As expected, the chemicals used to make the foams, spheres, and heat-stable gels of molecular gastronomy make an appearance, and the book gives a good introduction to sous vide cooking. This is where food is vacuum-sealed in a plastic bag (the "sous vide" part) and cooked in a temperature-controlled water bath, a method of cooking used extensively in top restaurants where consistency is key. Sous vide is gaining popularity in domestic kitchens, with the first water bath aimed at the domestic consumer arriving on the European market just a couple of months ago. My friends thought I was crazy when I spent almost a month’s salary on a water bath and vacuum packing machine earlier this year, but once you’ve tried fillet steak cooked sous vide (a perfect medium rare throughout) and confit pork cheeks (cooked gently in goose fat for 36 hours), there’s no turning back.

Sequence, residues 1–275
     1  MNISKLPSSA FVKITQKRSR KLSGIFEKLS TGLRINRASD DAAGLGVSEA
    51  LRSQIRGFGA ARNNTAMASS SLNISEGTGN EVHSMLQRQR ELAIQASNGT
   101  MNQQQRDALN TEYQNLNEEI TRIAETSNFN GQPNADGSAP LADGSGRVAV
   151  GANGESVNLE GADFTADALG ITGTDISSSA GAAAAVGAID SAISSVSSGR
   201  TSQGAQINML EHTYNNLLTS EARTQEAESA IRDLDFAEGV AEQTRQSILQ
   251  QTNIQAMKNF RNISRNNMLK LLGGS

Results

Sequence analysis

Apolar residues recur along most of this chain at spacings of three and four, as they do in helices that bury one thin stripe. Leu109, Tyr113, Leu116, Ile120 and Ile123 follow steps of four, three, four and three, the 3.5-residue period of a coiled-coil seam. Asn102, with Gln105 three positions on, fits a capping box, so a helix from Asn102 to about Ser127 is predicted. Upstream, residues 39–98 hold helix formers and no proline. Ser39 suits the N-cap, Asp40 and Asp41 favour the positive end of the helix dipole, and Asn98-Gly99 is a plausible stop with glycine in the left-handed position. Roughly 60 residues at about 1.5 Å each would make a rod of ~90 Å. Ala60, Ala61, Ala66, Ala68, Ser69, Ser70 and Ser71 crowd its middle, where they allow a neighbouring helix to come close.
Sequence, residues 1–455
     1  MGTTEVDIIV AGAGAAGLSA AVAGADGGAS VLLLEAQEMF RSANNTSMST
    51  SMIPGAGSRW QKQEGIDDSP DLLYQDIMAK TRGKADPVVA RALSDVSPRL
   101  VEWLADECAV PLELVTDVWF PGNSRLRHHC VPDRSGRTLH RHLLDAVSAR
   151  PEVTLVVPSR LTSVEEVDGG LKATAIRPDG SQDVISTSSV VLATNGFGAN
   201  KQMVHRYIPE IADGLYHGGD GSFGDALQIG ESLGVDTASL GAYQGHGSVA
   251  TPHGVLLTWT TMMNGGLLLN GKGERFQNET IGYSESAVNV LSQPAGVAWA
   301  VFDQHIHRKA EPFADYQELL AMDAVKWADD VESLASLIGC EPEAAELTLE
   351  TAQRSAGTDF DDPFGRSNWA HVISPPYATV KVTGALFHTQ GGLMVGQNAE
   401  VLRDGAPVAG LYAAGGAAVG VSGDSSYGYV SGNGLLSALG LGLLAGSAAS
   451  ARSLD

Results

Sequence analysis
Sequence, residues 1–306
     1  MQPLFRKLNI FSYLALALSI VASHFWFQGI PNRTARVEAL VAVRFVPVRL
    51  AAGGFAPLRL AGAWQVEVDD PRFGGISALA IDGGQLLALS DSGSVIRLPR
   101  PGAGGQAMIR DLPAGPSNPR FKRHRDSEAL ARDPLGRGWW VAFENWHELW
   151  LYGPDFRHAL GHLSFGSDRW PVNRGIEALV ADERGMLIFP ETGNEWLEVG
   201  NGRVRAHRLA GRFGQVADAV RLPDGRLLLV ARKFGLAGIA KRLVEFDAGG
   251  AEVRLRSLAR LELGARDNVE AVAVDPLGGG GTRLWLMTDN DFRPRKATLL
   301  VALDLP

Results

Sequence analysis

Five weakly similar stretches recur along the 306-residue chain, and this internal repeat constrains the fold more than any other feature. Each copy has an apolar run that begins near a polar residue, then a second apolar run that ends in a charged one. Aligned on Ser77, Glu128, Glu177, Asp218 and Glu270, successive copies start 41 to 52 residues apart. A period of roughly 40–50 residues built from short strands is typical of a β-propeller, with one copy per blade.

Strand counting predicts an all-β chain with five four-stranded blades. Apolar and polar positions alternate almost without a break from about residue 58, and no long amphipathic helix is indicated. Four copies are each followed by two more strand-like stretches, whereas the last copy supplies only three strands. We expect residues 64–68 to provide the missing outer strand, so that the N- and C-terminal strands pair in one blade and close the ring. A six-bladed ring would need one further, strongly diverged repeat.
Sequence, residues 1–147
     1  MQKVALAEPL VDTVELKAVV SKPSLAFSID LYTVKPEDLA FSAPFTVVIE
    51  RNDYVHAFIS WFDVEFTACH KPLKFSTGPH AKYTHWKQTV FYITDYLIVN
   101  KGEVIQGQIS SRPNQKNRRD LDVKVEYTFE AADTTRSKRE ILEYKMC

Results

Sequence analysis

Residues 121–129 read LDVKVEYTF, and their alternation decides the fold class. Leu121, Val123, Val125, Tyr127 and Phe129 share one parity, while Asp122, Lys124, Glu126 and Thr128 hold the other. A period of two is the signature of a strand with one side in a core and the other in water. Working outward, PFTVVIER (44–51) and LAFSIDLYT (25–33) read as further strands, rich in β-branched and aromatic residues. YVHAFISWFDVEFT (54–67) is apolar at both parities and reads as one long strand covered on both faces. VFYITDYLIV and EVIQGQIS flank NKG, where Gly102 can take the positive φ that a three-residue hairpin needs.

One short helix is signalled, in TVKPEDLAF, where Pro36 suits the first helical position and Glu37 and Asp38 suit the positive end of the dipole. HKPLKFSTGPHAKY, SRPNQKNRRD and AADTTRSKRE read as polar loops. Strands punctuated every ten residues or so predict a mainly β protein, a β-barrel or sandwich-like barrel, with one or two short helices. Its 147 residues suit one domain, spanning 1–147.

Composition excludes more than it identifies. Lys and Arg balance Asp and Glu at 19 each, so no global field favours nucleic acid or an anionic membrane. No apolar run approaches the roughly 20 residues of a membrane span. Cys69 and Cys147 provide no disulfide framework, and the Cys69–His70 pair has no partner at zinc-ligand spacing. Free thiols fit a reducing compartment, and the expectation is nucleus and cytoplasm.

If you’re really interested in the science of cooking, you’ll want Harold McGee’s “On Food and Cooking” on your shelves and perhaps “The Science of Cooking” by Peter Barham. But you can’t have too many cookery books, and “Cooking for Geeks” is a very readable introduction to the subject with plenty of light-hearted diversions to keep it from getting too dry.  I particularly enjoyed the interviews and guest appearances by some of my favourite food bloggers -  it was like having old friends around.

The author sums up my feelings brilliantly in the afterword:

"Curiosity and the joy of discovering how something works are two of a geek's defining characteristics. I can think of very few other things that have brought me as much joy as learning to cook and providing for others. It scratches the same neurons that solving a puzzle or producing a brilliant piece of code does, but tastes better and often takes less time - not to mention that you can do it for other people and make them happy too!"

Some of my geek friends might find a copy in their seasonal festive stockings this year. Now, back to the kitchen.

This review appeared in the December 2010 issue of news@uk, the newsletter of UKUUG, the UK's Unix and Open Systems User Group.